Mellins-Cohen noted that tagging something as ‘free’ in the metadata improves Google indexing – publishers need to do more of this at article level. This comment was responded with a call out to publishers to make the information about sharing more accessible to authors through How Can I Share It?

Mellins-Cohen expressed some concern that some of the ideas coming out of RA21 Resource Access in 21st Century, an STM project to explore alternatives to IP authentication, will raise barriers to access for researchers.

Summary

It is always interesting to have the mix of publishers, intermediaries, librarians and others in the scholarly communication supply chain together at a conference such as this. It is rare to have the conversations between different stakeholders across the divide. In his summary of the event, Mark Carden noted the tension in the scholarly communication world, saying that we do need a lively debate but also need to show respect for one another.

So while the keynote started promisingly, and said all the things we would like to hear from the publishing industry, there is still the reality that we are not there yet.  And this underlines the whole problem. This interweb thingy didn’t happen last week. What has actually happened  to update the publishing industry in the last 20 years? Very little it seems. However it is not all bad news. Things to watch out for in the near future include plans for micro-payments for individual access to articles, according to Mark Allin, and the highly promising Campus Activated Subscriber-Access system.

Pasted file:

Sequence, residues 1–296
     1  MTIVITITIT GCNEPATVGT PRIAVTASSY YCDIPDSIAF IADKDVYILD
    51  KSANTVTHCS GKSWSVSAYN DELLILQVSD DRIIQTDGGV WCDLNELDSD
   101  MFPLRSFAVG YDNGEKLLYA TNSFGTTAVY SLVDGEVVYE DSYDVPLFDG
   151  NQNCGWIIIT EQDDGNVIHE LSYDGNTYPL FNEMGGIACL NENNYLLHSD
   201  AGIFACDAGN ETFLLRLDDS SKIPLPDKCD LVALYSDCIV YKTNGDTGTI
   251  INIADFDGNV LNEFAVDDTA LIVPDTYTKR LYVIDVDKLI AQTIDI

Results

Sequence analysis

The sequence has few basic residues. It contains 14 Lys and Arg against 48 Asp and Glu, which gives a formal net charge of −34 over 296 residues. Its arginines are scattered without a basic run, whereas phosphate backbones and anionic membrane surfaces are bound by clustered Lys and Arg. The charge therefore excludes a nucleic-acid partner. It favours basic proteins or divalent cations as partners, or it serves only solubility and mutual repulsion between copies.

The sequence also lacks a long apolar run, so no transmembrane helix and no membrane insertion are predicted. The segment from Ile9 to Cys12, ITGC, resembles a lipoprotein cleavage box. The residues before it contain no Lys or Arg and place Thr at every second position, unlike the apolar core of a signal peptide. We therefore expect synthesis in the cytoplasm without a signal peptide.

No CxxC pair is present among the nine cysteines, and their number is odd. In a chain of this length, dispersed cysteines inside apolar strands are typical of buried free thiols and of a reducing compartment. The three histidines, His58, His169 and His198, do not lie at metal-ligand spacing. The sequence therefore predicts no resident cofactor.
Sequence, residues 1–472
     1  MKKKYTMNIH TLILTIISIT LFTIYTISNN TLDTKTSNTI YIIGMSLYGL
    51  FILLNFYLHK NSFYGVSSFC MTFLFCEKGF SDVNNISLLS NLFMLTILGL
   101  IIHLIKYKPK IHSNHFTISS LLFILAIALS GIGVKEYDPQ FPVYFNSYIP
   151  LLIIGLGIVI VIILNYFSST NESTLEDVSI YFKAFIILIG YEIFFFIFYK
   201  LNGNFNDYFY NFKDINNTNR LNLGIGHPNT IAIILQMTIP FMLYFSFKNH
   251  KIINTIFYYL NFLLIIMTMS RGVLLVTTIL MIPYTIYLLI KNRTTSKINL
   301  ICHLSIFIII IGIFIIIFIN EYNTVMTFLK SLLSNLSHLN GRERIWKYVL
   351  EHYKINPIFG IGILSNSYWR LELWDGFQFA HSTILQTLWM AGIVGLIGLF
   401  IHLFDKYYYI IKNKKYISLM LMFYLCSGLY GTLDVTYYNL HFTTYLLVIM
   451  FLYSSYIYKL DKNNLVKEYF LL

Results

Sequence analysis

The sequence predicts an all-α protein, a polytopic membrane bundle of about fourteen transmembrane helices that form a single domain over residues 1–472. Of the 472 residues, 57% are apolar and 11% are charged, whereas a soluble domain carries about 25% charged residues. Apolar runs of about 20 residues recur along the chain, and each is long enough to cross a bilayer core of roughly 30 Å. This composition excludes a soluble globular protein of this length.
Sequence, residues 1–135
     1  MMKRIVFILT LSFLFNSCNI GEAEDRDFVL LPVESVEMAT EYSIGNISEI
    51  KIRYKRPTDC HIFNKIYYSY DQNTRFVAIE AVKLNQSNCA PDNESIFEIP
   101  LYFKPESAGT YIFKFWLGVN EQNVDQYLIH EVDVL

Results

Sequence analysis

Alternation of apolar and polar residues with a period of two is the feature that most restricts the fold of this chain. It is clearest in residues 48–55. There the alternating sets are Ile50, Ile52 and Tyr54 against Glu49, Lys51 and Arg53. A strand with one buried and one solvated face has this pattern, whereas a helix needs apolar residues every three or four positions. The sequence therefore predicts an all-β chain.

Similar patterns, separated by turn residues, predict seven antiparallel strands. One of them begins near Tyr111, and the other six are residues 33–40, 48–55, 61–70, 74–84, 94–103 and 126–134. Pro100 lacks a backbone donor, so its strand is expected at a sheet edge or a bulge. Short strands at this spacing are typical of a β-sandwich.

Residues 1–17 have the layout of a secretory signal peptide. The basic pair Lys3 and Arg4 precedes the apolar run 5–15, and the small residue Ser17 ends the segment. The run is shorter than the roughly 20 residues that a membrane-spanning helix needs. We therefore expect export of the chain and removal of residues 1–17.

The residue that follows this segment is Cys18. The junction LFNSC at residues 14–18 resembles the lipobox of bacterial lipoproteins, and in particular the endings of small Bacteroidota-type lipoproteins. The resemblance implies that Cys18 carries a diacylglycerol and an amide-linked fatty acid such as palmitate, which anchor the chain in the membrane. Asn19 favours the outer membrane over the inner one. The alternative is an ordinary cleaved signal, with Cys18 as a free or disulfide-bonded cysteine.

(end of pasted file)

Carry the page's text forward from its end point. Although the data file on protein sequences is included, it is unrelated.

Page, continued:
Danny Kingsley attended the Researcher to Reader conference thanks to the support of the Arcadia Fund, a charitable fund of Lisbet Rausing and Peter Baldwin.

Published 27 February 2017
Written by Dr Danny Kingsley
Creative Commons License

Copyright case study

In my presentation, I spoke about the children’s campfire song, “Kookaburra sits in the old gum tree” which was written by Melbourne schoolteacher Marion Sinclair in 1932 and first aired in public two years later as part of a Girl Guides jamboree in Frankston. Sinclair had to get prompted to go to APRA (Australasian Performing Right Association) to register the song. That was in 1975, the song had already been around for 40 years but she never expressed any great interest in any propriety to the song.